2022 hurricane season not over yet: NHC tracking two more disturbances

The 2022 Atlantic hurricane season may have gotten started late, but it's not over yet.

A week after Hurricane Ian devastated large parts of Florida and two weeks after Fiona savaged Puerto Rico and the Dominican Republic, both as catastrophic Category 4 storms, the National Hurricane Center is tracking two more developing disturbances, with one tropical wave following a track similar to Ian's.

That one, currently several hundred miles east of the Windward Islands, has disorganized shower and thunderstorm activity but may gradually develop over the next few days while it moves generally westward at 15 to 20 mph, reaching the Windward Islands and the eastern Caribbean Sea by midweek, according to the NHC.

Chances of further development are low for the next two days (20%) and the next five (30%), forecasters said.

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Tropical weather outlook for the Atlantic as of Sunday, Oct. 2, 2022.
Tropical weather outlook for the Atlantic as of Sunday, Oct. 2, 2022.

Fortunately, there is increased wind shear forecast to move into the Caribbean toward the middle of the month, AccuWeather Senior Meteorologist Dan Pydynowski said, so the longer this system takes to enter Caribbean waters the lower the risk of tropical development.

Meanwhile, another system several hundred miles south of the Cabo Verde Islands has a much greater chance (70%) of becoming a tropical depression or stronger during the early or middle part of next week while the system moves westward. It's forecast to turn northwestward or northward toward the end of the week over the eastern tropical Atlantic.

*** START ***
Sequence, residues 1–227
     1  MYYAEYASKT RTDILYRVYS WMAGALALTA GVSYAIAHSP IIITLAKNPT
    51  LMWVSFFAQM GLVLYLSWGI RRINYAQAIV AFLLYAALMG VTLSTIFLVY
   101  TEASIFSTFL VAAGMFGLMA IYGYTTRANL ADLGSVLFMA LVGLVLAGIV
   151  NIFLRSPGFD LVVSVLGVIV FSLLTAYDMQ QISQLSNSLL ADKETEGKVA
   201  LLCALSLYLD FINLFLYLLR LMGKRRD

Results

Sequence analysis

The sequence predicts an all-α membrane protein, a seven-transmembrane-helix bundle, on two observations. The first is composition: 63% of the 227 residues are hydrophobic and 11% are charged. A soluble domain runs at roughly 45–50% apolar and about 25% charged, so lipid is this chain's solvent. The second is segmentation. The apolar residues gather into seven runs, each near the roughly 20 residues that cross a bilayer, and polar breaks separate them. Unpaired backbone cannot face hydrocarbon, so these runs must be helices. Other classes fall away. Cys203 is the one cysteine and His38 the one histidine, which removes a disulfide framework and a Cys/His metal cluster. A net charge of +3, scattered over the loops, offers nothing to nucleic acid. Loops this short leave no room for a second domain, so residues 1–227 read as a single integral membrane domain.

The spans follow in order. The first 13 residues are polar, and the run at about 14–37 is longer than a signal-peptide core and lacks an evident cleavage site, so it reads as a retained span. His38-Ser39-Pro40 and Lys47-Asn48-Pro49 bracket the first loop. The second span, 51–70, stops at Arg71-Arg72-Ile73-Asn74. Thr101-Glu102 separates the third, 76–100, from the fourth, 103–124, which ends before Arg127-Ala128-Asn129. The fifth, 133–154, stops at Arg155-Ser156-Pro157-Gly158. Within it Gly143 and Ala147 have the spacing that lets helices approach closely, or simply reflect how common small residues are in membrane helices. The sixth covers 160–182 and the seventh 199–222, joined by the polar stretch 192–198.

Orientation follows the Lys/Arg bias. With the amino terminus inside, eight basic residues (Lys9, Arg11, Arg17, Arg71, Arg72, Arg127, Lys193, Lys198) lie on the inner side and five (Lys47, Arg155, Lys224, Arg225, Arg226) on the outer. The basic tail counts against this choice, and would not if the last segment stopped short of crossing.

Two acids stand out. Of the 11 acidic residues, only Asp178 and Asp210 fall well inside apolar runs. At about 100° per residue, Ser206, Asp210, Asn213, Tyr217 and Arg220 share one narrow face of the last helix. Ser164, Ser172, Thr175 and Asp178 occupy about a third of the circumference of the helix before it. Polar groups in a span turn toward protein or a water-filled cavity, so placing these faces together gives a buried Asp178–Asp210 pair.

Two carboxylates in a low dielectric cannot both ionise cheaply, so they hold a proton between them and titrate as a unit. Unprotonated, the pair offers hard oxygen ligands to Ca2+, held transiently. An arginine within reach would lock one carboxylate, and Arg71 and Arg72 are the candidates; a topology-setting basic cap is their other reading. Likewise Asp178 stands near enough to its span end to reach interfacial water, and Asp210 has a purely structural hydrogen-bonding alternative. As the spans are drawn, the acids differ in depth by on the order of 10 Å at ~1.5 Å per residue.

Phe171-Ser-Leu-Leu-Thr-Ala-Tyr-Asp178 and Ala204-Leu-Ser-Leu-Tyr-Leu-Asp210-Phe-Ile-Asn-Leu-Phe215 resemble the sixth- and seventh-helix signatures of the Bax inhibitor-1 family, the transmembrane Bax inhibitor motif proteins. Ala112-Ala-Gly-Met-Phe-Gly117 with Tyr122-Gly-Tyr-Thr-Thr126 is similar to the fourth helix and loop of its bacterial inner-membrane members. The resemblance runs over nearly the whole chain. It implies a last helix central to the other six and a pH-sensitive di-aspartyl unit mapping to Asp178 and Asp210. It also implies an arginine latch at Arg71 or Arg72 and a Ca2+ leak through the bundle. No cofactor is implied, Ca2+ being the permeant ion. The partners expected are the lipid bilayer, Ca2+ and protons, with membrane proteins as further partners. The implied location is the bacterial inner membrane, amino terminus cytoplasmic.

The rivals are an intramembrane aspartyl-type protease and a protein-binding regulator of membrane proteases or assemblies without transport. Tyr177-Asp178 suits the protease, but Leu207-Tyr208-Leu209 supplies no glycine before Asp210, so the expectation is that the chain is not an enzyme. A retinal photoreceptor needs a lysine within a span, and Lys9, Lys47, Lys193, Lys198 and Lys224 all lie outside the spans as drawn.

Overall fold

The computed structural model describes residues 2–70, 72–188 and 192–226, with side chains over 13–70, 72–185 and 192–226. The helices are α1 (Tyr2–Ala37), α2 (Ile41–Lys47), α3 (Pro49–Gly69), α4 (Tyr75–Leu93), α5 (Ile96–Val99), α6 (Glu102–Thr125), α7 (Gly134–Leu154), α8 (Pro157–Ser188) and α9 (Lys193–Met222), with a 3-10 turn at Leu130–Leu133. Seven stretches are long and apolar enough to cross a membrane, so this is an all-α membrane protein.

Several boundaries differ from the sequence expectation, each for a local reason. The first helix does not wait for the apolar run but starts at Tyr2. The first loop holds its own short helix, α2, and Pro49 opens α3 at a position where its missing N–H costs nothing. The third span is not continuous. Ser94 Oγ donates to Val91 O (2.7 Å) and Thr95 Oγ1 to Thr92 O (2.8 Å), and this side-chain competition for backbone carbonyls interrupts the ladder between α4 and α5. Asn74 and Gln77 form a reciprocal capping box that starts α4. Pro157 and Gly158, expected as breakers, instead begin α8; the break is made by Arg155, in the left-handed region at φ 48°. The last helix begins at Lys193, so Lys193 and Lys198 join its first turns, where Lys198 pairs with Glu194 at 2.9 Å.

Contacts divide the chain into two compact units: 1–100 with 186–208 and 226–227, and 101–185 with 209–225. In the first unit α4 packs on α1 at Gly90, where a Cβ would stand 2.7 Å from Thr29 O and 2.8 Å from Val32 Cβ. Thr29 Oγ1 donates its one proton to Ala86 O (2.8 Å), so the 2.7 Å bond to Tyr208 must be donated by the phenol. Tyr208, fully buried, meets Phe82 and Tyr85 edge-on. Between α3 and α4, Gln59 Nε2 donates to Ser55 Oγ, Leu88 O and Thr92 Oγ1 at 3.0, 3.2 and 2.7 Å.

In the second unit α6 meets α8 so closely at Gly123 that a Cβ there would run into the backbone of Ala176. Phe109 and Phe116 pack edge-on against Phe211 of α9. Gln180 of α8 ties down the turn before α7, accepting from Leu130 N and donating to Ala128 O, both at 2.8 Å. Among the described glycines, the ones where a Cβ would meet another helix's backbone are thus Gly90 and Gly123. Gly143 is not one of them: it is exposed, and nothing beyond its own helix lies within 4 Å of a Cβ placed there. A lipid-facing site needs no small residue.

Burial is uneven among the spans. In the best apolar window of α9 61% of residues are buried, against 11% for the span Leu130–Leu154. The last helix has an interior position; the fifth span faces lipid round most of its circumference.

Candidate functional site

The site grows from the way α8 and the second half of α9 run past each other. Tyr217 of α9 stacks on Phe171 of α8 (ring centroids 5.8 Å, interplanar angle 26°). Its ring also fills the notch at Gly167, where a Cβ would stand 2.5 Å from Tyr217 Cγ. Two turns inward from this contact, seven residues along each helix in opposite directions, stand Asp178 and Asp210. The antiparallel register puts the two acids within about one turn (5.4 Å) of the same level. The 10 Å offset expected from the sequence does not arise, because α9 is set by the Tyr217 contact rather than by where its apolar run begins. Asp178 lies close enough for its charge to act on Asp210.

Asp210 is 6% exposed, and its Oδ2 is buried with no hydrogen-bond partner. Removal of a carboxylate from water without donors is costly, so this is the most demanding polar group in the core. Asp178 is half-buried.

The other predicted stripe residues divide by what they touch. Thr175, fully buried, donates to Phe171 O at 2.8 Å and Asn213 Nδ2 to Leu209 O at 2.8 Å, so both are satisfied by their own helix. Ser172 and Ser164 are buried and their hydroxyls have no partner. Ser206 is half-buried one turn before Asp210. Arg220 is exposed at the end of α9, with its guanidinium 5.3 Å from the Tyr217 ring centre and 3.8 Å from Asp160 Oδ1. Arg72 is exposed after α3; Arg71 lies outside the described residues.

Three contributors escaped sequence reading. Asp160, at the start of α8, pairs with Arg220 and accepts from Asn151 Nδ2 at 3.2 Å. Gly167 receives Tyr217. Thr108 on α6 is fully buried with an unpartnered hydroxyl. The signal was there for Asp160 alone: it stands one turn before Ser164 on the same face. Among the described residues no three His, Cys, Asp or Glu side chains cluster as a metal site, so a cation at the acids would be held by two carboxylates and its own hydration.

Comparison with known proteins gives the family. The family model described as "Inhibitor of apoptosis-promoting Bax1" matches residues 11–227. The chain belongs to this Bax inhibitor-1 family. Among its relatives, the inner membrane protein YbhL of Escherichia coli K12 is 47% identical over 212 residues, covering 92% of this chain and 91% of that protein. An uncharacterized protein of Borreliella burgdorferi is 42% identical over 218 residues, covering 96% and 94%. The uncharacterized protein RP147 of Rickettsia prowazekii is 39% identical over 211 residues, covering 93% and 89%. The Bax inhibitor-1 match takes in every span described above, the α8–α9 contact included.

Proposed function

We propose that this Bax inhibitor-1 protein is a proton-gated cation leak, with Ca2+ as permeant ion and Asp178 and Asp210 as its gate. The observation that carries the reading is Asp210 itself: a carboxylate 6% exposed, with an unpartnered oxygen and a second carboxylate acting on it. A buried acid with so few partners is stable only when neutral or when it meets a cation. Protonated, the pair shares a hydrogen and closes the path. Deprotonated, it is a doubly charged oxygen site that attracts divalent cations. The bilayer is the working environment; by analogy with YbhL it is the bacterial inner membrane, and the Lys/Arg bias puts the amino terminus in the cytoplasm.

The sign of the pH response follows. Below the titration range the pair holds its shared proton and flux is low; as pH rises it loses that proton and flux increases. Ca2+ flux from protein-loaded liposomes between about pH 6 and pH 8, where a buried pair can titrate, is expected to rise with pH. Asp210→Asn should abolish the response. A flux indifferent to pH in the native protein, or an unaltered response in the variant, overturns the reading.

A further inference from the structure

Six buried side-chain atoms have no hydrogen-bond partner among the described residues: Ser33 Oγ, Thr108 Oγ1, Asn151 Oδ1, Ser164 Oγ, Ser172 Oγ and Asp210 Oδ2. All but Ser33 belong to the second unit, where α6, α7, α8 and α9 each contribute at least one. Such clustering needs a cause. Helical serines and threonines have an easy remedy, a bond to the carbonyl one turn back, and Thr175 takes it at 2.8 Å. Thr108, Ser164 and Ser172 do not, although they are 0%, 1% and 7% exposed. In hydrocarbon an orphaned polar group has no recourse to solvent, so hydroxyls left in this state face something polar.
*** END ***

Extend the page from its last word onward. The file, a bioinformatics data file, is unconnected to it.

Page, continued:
The next named storms in the Atlantic will be called Julia and Karl. The Atlantic hurricane season runs until Nov. 30.

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Tropical forecast next five days

See the National Hurricane Center's five-day graphical tropical weather outlook below.

C. A. Bridges is a Digital Producer for the USA TODAY Network, working with multiple newsrooms across Florida. Local journalists work hard to keep you informed about the things you care about, and you can support them by subscribing to your local news organizationRead more articles by Chris here and follow him on Twitter at @cabridges

This article originally appeared on Sarasota Herald-Tribune: After Ian and Fiona: National Hurricane Center tracks more disturbances